A legendary former Canuck will be in the building Saturday night when the Vancouver Canucks play host to the Toronto Maple Leafs. I refer, of course, to the Cochrane Rocket himself, Mason Raymond.
Okay, no I don’t. And come to think of it, Cochrane Rocket sounds weirdly inappropriate, so let us never use this nickname again.
I’m actually talking about Pavel Vladimirovich Bure, arguably the most talented player ever to play for the Canucks . On Saturday night, the Hockey Hall of Famer will finally get to see his number raised to the rafters, joining the likes of Stan Smyl, Trevor Linden, and Markus Naslund.
Bure will be remembered for a lot of things. This photo. This photo. This photo for sure. His legendary, super nineties hockey card. The stick-to-skate goal. But more than any of those things, he’ll always be remembered for his double overtime goal versus the Flames, which propelled the Canucks into the second round of the 1994 playoffs:
In honour of the Russian Rocket’s big day, let’s break this one down.
We’ll start the play here, as the Canucks attempt to gain the Calgary zone. Trevor Linden has just moved the puck to Greg Adams, and now he and Bure are skating towards the Calgary blueline.
I think it’s safe to say they’re not going to have much room to operate here, and Adams agrees, so he dumps the puck ahead and goes after it.
Unfortunately, Adams steps on Musil’s stick as he’s coming across the blueline and falls down. By the time he’s at the dots, Mike Vernon has had time to leisurely venture out behind the goal and retrieve the puck.
Vernon moves the puck up the boards to Kruse, who’s waiting at the near wall for it.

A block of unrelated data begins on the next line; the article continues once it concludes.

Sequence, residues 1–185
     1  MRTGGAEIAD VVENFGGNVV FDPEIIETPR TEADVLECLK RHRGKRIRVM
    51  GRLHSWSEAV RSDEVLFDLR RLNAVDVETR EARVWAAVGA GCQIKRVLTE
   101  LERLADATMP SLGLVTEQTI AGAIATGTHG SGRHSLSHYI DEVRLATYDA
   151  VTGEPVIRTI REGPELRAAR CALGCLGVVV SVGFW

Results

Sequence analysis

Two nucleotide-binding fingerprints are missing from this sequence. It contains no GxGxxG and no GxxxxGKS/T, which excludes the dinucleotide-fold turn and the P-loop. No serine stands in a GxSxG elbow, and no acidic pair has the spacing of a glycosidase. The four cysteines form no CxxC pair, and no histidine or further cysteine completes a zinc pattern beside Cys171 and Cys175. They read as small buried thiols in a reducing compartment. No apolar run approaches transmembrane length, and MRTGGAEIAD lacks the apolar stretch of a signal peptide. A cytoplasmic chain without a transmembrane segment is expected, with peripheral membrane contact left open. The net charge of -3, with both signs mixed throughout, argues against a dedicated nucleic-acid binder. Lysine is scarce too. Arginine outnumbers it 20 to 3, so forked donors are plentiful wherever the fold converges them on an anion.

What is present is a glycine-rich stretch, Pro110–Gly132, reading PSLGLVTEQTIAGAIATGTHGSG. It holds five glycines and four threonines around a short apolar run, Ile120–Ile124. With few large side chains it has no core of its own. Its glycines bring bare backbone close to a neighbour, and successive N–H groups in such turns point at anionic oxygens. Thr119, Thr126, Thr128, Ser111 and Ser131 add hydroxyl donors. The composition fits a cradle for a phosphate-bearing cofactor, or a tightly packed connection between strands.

Meanwhile, our old pal Bure takes the long way out of the zone, hoping people will forget that he’s still in there.
Kruse turns to the wall to collect the puck and start a breakout. But when he looks up ice, he spots Trevor Linden, who isn’t even in this frame, about a foot away from flattening him. Knowing he’s about to experience a crushing, he flips the puck out to centre ice rather than carrying it or making a pass to a teammate, thus giving it right back to the Canucks.
And then he gets demolished.
I wonder if that would be considered boarding or checking from behind by today’s standards. But whatever.
Dave Babych, he of the legendary duster, picks up the puck in the neutral zone, then turns back and backhands it over to Jeff Brown, who has a little time and space. He takes a look. And Brown spots Bure, still drifting just behind the play.
Brown makes an incredible pass, hitting Bure in stride through a very narrow passing lane.
It helps that Kruse, who might have been able to stop this pass, isn’t really back in the play yet after getting crushed. And it also helps that Linden is keeping the only other Calgary defender with a chance to catch Bure out of the play by means of some casual interference.
And, of course, it helps that Bure was among the fastest, strongest players in the game. Zalapski tries to catch him, even to hook him, but there’s just nothing doing. They’re all beat.
Then this happens.
The rest, as they say, is history.
And that’s how one of the greatest goals in Canucks history was scored.